'A Corner of Heaven' ('Tian Tang Jiao Luo'): Rotterdam Review

A Corner of Heaven Still - H 2015
Courtesy of International Film Festival Rotterdam

A Corner of Heaven Still - H 2015

Poetic rendering of tough themes, with obvious echoes of Béla Tarr

Chinese helmer Zhang Miaoyan's third film continues his black-and-white, slow-moving probe into his country's poverty-ridden, provincial underclass

With his signature black-and-white template, sumptuous long takes and fatalistic stories unfolding in his country's bleak provincial hinterlands, Chinese director Zhang Miaoyan - who admits to having spent his time at UC Berkeley devouring films he couldn't see back home - has long been compared to slow-cinema supremo Béla Tarr. A Corner of Heaven will consolidate this link further: just as the Hungarian auteur increasingly moved away from narratives and plots during his career, Zhang has now stripped his cinema of the high drama which shaped his first two films (the carnality-addled drama Xiaolin Xiaoli of 2007 and the 2011 story of AIDS-infected villagers of Black Blood).

But less, in this case, has turned out to be more. With his fluid camerawork and a minimalist rite-of-passage premise wrought large into a metaphor about a country losing its soul, A Corner of Heaven is a visually striking tale about a boy's (and his generation's) loss of innocence and hope.

Backed by French producers and also grants from the Busan and Rotterdam film festivals - where the film, after bowing at Vancouver in September, made its Asian and European premieres - the film's gloomy view of China has little to no hope of being shown on home turf. With its rigorous style, reflective themes and heartrending performances from its non-professional child-actors, however, berths at festivals and independent-themed showcases should be guaranteed.

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The film's setting, in a village around the Yellow River in central China, augurs with Zhang's intent of reflecting on the state of the nation. The waterway has always been known as the source and saddle of Chinese civilization; here, however, it only plays host to dereliction, destitution and despair - a devastation which propels a woman to sneak out of her house-cave one day, seemingly never to return, as seen in the beginning of the film.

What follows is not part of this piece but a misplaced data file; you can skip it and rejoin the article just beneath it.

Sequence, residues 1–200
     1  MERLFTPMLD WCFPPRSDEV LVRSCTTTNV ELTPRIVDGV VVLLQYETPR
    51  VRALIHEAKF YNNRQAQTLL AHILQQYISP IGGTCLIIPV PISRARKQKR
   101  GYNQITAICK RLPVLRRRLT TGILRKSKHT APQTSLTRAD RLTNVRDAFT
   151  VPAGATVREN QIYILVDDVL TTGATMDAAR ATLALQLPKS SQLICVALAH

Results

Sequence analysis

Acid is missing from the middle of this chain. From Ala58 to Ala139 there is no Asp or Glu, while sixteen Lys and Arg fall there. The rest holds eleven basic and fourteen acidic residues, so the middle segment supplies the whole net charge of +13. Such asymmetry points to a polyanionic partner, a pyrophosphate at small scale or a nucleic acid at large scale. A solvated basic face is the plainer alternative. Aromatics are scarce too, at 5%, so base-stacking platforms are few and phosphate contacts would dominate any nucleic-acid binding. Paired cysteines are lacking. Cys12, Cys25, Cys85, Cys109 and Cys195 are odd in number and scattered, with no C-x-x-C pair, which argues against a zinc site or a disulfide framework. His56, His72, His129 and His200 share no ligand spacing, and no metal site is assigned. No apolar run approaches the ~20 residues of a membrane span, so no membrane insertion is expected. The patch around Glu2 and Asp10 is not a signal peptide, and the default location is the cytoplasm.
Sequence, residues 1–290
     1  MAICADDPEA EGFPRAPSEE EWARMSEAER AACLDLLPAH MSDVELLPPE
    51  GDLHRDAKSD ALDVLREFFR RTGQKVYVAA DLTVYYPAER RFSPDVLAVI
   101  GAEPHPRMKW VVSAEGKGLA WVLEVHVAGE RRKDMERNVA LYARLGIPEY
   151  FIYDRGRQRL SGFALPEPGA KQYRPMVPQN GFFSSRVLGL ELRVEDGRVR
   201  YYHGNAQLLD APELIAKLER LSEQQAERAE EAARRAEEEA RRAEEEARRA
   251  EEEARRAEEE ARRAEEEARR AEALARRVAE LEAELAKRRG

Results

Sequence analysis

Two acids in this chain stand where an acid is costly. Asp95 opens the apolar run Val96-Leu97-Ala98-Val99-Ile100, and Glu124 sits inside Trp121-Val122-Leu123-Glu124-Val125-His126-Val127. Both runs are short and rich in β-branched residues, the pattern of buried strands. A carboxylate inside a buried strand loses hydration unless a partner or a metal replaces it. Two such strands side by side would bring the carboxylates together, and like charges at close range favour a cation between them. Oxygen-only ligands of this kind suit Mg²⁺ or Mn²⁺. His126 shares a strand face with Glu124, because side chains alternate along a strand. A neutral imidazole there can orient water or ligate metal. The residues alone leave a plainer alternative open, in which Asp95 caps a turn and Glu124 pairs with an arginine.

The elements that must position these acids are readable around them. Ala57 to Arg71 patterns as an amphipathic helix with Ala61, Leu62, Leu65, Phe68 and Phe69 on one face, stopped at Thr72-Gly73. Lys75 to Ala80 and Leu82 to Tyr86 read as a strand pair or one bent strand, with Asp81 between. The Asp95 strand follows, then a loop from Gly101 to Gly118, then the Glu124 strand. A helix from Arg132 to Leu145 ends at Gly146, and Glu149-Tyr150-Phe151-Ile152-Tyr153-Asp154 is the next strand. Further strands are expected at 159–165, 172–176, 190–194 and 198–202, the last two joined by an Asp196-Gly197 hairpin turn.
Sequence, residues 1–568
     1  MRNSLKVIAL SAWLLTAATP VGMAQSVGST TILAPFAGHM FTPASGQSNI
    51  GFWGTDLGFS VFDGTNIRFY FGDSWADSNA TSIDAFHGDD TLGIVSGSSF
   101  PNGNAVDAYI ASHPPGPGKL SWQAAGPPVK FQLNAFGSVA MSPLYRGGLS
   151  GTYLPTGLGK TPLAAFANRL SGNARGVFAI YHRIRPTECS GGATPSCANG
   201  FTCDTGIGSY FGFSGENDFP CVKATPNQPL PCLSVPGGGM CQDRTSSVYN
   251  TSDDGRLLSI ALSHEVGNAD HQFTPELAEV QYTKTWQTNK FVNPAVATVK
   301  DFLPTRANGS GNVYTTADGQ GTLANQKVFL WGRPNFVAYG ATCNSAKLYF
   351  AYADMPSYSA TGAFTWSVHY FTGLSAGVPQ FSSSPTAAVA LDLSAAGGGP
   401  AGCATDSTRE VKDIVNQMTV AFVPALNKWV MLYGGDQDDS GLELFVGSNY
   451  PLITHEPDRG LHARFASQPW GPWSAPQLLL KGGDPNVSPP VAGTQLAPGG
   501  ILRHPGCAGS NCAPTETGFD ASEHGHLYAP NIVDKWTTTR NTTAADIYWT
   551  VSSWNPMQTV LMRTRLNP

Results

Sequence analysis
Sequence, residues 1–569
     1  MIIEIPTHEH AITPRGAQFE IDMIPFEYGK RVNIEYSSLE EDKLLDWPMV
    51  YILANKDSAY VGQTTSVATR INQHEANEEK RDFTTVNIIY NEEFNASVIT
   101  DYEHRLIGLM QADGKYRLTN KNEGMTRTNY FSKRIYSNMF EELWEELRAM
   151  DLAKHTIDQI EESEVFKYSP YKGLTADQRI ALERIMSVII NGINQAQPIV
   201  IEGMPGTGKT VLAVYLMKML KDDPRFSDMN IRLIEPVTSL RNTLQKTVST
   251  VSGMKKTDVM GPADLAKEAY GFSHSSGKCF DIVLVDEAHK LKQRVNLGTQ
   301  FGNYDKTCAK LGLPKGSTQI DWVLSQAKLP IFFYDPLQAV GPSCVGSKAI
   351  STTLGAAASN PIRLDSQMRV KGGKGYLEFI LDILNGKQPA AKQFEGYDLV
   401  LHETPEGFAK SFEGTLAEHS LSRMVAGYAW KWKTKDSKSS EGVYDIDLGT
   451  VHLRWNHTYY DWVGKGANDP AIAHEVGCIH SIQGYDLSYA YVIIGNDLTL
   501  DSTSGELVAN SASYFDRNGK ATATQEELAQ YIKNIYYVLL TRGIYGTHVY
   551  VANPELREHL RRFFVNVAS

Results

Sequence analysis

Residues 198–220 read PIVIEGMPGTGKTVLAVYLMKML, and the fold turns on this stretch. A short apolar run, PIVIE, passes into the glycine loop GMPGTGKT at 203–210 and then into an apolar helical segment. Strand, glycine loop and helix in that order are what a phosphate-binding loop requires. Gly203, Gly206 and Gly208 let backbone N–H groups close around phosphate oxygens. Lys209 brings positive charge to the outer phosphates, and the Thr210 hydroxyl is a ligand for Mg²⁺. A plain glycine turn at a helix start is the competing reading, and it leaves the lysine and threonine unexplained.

Shocked and shattered by this maternal abandonment, her sheep-herding boy (Guo Xinjiang) - who sets off to find her. His passage from the underdeveloped countryside to the modern humdrum of the city is symbolized by the change in transport: first on foot, then on a horse-drawn cart and finally a container truck passing underneath spaghetti junctions.

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Belying its title - which might have been a nod to how Chinese netizens have, in blind faith or mockery, described their economically booming country as the "Heavenly Dynasty" ("Tian chao") - A Corner of Heaven offers no feel-good melodrama like Zhang Yimou's Not One Less. There's no savior on hand to greet the boy in the city. Some bourgeois trimmings might abound, but what he encounters is the harsh underbelly of the post-industrial age, as he finds himself quickly passing from doing slave child-labor in brick factories - something which still exists in China today - to delinquency when he's brought into a gang.

A Corner of Heaven essentially is about the boy's (and thus the viewer's) discovery of this terrain as a source of both terrifying and wondrous absurdities. It's here that Zhang's artistically trained eye thrives, whether it's the mirroring of the boy's idyllic life in his village to the coldness of the city (grazing sheep on a ridge for the former, tenements overlooking a rubbish-ladden ravine in the latter) or his awestruck observations of bizarre rituals of modern life (firework and lighting displays in the middle of nowhere, or pensioners doing line-dancing in the town square).

Guo Xinjiang's brave and vigorous turn as the steel-willed, adaptable urchin heightens the alienation and apocalyptic depiction of a terrible land blighted by pollution and poverty. This is all about providing an ambience rather than answers  - and the devastating denouement might be Zhang's own riposte to anyone proclaiming a happily-ever-after ending for the self-styled dragon-state on the rise.

Venue: International Film Festival Rotterdam (Spectrum)

Production companies: Rice Production, Arizona Productions

Cast: Guo Xinjiang, Huo Xuehui, Bai Haonan

Director: Zhang Miaoyan

Screenwriter: Rice Zhang

Producers: Zhang Miaoyan, Guillaume de Seille

Director of photography: Zhang Miaoyan

Art director: Du Juemin

Editor: Zhang Miaoyan

Music: Angel Firestar Simmons

International Sales: Arizona Films

In Mandarin


No rating; 94 minutes